Wireless ATMs promise cost savings

Australian ATM transaction processor Eftex is set to roll out wireless ATMs using Vodafone’s GPRS network and promising ATM owners cost savings of up to 50 percent.

Eftex has been running trials over the last five months and will start rolling out the new service to more than 300 ATMs by the end of 2004.

Traditionally, financial institutions have operated their ATMs using a permanently connected leased line because of its relatively fast, secure and reliable transactions; however, these leased lines have proven to be expensive.

The alternative, which many independent (non-bank) ATM deployers favour, is a dial-up ATM. While cheaper to operate, dial-up ATMs are generally slower and concerns have been raised regarding reliability and security.

Eftex managing director David Glen said the wireless ATM solution delivers the benefits of a leased-line ATM but at a dial-up price.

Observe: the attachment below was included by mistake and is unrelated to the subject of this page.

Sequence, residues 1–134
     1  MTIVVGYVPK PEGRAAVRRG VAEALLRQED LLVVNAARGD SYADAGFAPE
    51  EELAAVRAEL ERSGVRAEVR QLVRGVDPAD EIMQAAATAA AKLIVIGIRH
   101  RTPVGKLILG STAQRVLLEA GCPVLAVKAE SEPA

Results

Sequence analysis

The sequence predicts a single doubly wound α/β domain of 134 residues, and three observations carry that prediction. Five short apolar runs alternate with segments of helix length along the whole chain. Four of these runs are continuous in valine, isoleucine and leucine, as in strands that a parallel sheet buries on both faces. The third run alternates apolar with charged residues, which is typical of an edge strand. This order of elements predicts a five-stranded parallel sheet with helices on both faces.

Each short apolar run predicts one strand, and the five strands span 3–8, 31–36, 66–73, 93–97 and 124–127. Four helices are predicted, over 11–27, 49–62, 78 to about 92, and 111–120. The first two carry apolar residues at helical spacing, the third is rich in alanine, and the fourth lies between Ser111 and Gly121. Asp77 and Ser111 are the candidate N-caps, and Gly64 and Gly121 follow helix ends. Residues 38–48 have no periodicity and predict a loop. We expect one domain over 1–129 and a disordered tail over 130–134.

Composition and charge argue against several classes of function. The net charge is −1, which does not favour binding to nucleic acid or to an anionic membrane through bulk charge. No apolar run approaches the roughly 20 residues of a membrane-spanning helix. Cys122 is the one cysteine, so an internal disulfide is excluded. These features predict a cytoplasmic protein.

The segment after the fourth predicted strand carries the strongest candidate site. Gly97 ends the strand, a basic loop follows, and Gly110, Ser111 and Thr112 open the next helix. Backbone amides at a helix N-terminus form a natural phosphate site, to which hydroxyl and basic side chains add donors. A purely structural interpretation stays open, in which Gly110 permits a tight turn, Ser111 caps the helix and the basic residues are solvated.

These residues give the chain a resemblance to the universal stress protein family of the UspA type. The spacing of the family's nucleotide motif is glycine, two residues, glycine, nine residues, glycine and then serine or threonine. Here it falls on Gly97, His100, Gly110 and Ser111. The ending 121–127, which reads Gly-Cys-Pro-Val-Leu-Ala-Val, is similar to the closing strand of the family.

"As for dial-up ATMs, I think they’re set to become museum pieces," Glen said claiming the trials are a world-first.

"The business case is just so strong we believe that within four years, most banks will be running their ATMs on GPRS."

Vodafone Australia future data marketing manager Declan O’Callaghan said by moving ATMs from leased line to wireless technology, the industry including the major banks and financial services firms, will save up to $35 million annually.

Vodafone set to announce 3G vendor

Vodafone Australia will choose a vendor to roll out its 3G network later this month and has reaffirmed its commitment to have it operating by mid-2005.

Australia and New Zealand are in phase II of Vodafone's third-generation mobile rollout while its long-awaited European 3G services are expected to launch in October this year. Vodafone Australia chief executive Grahame Maher said the company is in the final stages of selecting a vendor.

The company's existing network supplier Ericsson is a possibility for the contract, while Nokia and Siemens/NEC have also been mentioned.

"Our plans are still firmly in place to launch our 3G service to customers by mid 2005," Maher said.

Hutchison was the first to market 3G services in Australia and has spent $3 billion on the rollout offering greatly improved connection speeds.

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